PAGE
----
Flair 2018 Newsletter
It's hard to believe that Flair will be starting their 51st year in business in 2018. During the past 50 years we have seen great changes in our industry including DOE minimum efficiency standards that keep increasing, new code developments and regulations, EPA required phase out of certain refrigerants, development of new refrigerants, and development of new more efficient cooling technology from the manufactures. We have been able to remain in business because of our customers, who have given us the opportunity to service their air conditioning, heating, and commercial refrigeration and ventilation needs, and we are very grateful to them. We sincerely thank you.
This past year Flair activated a mobile dispatching system that allows are technicians the ability to view customer information on their I-pads that is on our main computers.
They are able to determine if a customer has a maintenance agreement, the date of any new equipment installation, and see past service history. This enables them to verify status quicker and review what service calls have been done in the past. This tool enables them to perform their work more efficiently, and expeditiously. It also allows our dispatcher to see the status of a service call from arrival, completion of a call, and whether a part is needed. This coupled with our GPS are tools to make us more efficient.
As technology changes we have to adapt to keep up with our industry. Manufactures apps and web sites enable our technicians to perform their work quicker and more accurately. Staying abreast of changing technology is a never ending task, but as things evolve so will our methods.
2016 warmest year on record
2016 was rated by experts as the warmest year worldwide since modern record keeping began. NASA and the National Oceanic Atmospheric Administration said that global land and sea surfaces were boosted by a powerful El Nino current in the Pacific and rising concentrations of heat trapping greenhouse gases in the atmosphere.
The University of Alabama (who uses satellite data), and the UK's Met Office Hadley Centre Research Center reported 2016 was fractionally warmer than any other year. Records have been kept for over 137 years. , trustworthy, and reliable are what you are assured of when you contact us for a cooling or heating problem for your home of business.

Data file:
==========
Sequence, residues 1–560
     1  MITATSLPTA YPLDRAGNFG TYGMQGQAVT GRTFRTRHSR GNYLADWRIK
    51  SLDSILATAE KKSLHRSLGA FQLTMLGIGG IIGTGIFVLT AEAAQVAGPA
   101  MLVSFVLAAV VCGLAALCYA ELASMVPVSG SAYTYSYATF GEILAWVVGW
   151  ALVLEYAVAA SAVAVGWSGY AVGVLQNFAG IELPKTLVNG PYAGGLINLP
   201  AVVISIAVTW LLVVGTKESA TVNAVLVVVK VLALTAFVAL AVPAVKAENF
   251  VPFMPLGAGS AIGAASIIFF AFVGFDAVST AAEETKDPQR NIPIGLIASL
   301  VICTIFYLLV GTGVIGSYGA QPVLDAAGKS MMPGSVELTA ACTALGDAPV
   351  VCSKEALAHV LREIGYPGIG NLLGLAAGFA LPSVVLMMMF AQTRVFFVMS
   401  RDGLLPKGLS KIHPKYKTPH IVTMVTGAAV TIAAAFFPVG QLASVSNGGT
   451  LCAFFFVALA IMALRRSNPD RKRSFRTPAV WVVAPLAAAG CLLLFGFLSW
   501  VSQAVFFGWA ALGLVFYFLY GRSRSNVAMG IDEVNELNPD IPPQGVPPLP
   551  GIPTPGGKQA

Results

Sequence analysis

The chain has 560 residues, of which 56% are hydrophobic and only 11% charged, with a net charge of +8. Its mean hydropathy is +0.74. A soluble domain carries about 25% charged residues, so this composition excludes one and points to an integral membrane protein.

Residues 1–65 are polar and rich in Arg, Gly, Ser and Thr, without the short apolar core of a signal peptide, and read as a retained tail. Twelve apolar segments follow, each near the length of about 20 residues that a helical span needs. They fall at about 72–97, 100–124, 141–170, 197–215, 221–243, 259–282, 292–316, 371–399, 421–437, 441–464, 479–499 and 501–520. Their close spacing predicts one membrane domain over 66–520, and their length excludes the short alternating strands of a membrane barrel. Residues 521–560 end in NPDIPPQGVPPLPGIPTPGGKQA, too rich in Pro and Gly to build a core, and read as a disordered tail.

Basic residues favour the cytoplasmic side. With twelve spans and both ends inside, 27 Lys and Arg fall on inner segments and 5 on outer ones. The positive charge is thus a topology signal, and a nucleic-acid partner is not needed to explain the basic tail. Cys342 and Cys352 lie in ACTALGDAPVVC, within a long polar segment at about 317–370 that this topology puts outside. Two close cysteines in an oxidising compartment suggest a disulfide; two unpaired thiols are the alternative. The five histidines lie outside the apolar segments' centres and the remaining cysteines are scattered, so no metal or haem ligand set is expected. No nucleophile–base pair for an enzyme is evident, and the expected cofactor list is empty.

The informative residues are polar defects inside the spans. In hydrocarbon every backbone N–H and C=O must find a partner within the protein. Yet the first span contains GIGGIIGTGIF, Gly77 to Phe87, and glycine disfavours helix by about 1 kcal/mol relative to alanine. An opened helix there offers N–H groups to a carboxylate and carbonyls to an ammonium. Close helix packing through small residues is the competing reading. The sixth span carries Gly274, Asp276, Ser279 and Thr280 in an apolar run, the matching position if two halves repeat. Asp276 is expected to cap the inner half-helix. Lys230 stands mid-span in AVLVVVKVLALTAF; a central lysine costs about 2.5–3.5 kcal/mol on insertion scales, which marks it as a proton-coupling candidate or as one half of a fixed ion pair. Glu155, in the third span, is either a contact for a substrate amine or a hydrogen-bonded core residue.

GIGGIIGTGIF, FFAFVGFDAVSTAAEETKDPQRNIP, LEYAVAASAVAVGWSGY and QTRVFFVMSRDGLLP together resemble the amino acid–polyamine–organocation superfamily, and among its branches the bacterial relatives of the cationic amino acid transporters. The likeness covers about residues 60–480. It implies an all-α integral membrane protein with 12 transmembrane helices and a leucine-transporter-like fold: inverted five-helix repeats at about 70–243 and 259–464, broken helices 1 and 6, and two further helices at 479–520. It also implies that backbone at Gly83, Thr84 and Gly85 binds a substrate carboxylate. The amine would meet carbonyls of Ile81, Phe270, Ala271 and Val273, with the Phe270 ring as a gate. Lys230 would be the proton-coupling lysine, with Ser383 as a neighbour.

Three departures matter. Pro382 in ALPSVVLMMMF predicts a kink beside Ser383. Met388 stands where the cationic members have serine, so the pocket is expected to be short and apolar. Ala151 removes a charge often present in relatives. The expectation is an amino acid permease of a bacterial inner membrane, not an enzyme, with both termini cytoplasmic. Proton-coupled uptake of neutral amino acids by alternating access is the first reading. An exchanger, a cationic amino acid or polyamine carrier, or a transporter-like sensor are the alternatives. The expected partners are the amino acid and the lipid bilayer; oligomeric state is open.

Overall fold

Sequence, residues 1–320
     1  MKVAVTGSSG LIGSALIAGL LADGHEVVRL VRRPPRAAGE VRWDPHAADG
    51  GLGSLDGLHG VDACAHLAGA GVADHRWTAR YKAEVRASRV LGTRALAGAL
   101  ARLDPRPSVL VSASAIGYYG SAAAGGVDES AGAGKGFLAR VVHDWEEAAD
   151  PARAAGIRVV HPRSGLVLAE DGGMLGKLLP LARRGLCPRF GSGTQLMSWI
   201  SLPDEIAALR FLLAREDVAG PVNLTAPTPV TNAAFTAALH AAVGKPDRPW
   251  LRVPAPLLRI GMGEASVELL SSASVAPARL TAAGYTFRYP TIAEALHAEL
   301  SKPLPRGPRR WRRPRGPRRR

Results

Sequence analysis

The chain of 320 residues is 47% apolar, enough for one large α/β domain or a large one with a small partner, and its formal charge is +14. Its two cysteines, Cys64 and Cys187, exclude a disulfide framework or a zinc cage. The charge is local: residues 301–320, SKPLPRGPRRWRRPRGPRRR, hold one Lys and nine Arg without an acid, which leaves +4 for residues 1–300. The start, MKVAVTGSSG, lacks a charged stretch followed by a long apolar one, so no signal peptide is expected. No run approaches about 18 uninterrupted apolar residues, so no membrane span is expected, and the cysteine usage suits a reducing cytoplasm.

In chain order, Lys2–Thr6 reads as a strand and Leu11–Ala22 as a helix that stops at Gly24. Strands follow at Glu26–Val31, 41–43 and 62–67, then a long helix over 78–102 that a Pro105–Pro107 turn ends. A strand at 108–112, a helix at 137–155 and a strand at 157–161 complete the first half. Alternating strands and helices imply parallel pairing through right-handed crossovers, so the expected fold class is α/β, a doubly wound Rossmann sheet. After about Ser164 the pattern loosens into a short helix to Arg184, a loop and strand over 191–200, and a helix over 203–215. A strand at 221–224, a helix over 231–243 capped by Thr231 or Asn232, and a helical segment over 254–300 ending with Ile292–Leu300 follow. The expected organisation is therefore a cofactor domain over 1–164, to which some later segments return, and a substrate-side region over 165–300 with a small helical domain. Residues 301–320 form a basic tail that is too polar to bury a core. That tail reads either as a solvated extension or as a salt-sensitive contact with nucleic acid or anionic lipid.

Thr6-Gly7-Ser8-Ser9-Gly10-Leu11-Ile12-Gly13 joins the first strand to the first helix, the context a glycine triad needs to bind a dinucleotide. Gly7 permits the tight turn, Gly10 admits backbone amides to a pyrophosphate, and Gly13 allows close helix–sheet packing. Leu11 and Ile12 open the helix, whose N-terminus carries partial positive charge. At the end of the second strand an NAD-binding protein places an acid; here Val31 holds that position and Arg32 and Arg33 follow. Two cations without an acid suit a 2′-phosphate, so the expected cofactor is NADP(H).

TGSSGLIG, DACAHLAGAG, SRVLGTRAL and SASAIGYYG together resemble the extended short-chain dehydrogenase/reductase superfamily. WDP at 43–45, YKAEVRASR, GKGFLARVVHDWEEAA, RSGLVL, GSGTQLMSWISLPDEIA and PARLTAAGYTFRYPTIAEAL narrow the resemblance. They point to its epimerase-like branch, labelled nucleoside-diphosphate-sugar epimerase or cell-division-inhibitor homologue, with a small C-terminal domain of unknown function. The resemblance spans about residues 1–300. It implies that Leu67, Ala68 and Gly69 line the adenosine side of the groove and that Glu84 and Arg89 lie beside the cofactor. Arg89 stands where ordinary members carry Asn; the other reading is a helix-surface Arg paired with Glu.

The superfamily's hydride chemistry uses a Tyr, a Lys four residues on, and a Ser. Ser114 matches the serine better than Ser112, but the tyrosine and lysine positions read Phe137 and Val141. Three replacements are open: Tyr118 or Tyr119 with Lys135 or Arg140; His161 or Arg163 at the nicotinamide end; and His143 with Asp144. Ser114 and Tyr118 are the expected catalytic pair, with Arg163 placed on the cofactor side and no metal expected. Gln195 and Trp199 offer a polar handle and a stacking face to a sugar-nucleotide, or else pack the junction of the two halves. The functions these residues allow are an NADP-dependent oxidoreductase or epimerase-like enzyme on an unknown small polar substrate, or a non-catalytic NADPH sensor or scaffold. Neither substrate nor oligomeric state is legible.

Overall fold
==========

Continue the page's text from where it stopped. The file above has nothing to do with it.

Cooling by beaming heat into space
Physicists at Stanford University have achieved record levels of temperature reduction using the process of radiative cooling, by which heat is beamed from our earth surface into outer space.
Zen Chen and his colleagues lowered the temperature of a thermal emitter by 42.2 degrees C or 107.46 degrees F. A thermal emitter is a device designed to give out more heat than it takes in. Their special thermal emitter was designed to achieve thermal radiation wave lengths between 8 and 13 micrometers that are able to pass through our atmosphere directly into outer space. They used a vacuum chamber isolating it from the atmosphere and a special zinc selenide window which is a very transparent material.
This technology could possibly be used someday to refrigerate food and medicines in areas where ambient temperatures are high or in air conditioning units on top of roofs. To become cost efficient, they would need to find a less expensive material for transferring the heat verses zinc selenide.
Drinking water pulled out of the air
An Israeli company called Water-Geo has built a machine specifically designed to create and harvest as much condensation as possible. They use a set of plastic leaves to funnel air in various directions, extracting moisture from the air with minimum energy creating pure drinking water.
They have currently manufactured 3 different sizes. At 80 degrees F and 60 percent humidity the largest unit can produce 825 gallons a day and the smallest for home or office use produces almost 4 gallons a day.
Water-Geo estimates at current energy prices that water generated will cost less than 10 cents a gallon. Their products are designed for areas that don't have drinkable tap water, and where it is hot and humid. The company anticipates their products to be commercially available by the end of next year.
Air Conditioning the arctic
A research article published by the American Geophysical Union explored the possibility of increasing the thickness of ice in Arctic waters in an attempt to slow global warming.
The article suggests that a fleet of wind-powered pumps mounted on bouys deployed in the Arctic could pump water from beneath the ice, then spray it on the surface where it would quickly freeze. The article implies it could be possible to increase the Arctic ice by about a meter, more than enough to reverse the decline. It would be like building the world's largest air conditioner and using it to refreeze the Arctic.
Estimated cost of the project would be 500 billion, and would need to be implemented by multiple governments from around the world. This idea may seem extreme, but it could actually work to reduce the sea ice from disappearing. Wishing you a healthy and safe New Year. We sincerely appreciate your business.
Thomas P. McGuire, President